That price would much more likely be $45 or more for the shirt that cost $15 at the factory, and $20-$30 for the cheap one. The next step from manufacturer typically doubles the price, the next step in international transactions typically is a multiplier of 3 to 5 on top of that, and then there's yet another mark-up or two after it gets to the USA or UK or Europe where it will be sold retail, according to the books on India and Red China and Malaysia that I've read (and an econ professor of my acquaintance who was in VietNam doing research).
You're leaving out variables. Price also depends on the label (both highly-promoted "designers" and due to product differentiation), on how much it's been down-engineered (lower-quality design of the stitching pattern, for example), thread-count, weave- or knit-pattern, shipping and other mark-ups along the supply chain.
In your hypothetical example, you're artificially and arbitrarily holding "quality cotton" (i.e. "quality materials") as a constant, and it is a variable. We've seen CNBC video of retail chains arguing to product-inventors and -makers that they should substitute less durable, lower-quality materials, making design changes which would make the product less comfortable, less durable/shorten it's useful life... I.e. to make it cheaper rather than to hold the quality constant and make it more efficiently and less expensively.
You can see it with shirts, shoes, cars, hand-tools, power-tools, machine-tools, sewing machines, sticky notes... just about anything. We've seen a lot of reduction in quality of materials and workmanship as manufacture was moved off-shore while retail prices were held constant or increased, profit rates increased, and compensation packages of many executives soared, while compensation of many (not all) worker-bees was stagnant or fell. We've also seen quality and prices vary with the prices of natural gas and other feed-stocks, cotton, and resulting shifting blends.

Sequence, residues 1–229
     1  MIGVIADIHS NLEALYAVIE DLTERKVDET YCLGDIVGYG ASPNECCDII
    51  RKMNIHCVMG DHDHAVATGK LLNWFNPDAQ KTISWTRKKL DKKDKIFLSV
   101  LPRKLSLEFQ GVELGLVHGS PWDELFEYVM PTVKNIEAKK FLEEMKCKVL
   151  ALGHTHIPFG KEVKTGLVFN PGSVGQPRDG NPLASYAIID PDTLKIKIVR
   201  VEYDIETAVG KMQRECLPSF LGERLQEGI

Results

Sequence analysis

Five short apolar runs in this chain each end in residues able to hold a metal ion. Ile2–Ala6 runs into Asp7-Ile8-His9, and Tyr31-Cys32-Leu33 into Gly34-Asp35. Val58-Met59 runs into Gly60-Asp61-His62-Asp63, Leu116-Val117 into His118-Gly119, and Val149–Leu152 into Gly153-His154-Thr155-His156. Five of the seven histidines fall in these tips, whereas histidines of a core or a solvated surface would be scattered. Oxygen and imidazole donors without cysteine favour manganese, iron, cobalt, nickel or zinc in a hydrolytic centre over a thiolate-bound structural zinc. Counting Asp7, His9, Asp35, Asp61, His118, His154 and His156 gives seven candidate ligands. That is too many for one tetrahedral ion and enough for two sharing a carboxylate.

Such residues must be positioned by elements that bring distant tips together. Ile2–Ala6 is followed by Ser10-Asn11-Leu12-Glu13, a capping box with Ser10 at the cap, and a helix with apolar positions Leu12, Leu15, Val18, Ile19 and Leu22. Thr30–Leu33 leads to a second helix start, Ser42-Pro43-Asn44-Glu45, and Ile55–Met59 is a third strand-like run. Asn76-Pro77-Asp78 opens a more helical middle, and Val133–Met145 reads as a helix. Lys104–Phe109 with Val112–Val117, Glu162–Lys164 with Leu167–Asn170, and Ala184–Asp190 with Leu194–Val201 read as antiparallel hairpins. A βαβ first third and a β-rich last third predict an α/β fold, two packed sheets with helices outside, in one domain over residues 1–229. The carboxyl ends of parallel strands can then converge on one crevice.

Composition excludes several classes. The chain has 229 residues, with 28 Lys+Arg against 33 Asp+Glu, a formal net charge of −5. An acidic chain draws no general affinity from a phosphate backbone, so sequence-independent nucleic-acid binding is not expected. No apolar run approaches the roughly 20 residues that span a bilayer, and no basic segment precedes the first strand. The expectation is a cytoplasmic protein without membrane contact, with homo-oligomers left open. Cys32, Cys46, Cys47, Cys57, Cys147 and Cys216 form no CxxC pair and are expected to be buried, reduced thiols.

It would be different if all the quality options were constantly available in the retail stores, but that's not how it works. They completely remove one set of goods and only offer the new set, so the market is impaired; you don't have the option to merely pick a different item off of the next shelf or buy it at the store next-door. For many many goods the markets have been bifurcated: cheap trash at low prices (but still too expensive for the quality), and hideously expensive retail goods of only moderate quality in many cases. For many goods they don't offer (in some cases even allow) honest country-of-origin labeling (COOL) so that you can choose on that basis if you wish, so that's a throw-back to the old evil pre-market, mercantilist, and hyper-regulated feudal guild and crown-granted monopoly days.
It's all been covered over the last 15 years and more in the media that cover economics and finance and such, a little here and a little there. Once every several years, I run across an article or a bit of coverage on the tube that brings most of the elements together.
"What is the difference between a standard business program (nothing super advanced- a well recognized pattern) turned out by a $9,000 a year programmer in india vs the same program turned out by a $90,000 a year programmer in a 1st world country?"
I try to avoid "standard bidness programs", but many software products (and hardware designed or manufactured using that software) take a dive when they're off-shored. Some US and UK programmers have eked out a living by repairing the software botched by guest-workers or over-seas, but few have the contacts to make a go of it that way. But I know that not every non-USA, non-UK, non-German programmer is incompetent; a very few are quite good. And that's what all the studies tell us to expect; about 1 out of 12 can do the work of the rest of that 12... if he has the time and resources. That's 1 of 12 in the USA, and probably 1 of 12 in Hyderabad or Prague or Kiev. But they often plan to throw 5 less competent, cheaper programmers at a piece of work that 1 good programmer could do better and faster (see, e.g. ye ancient Ill-Begotten Monstrosities tome about _The Mythical Man-Month_).
I've worked with some Germans, Japanese, Polish, Koreans, Chinese, Israelis... who were very good and some who were not.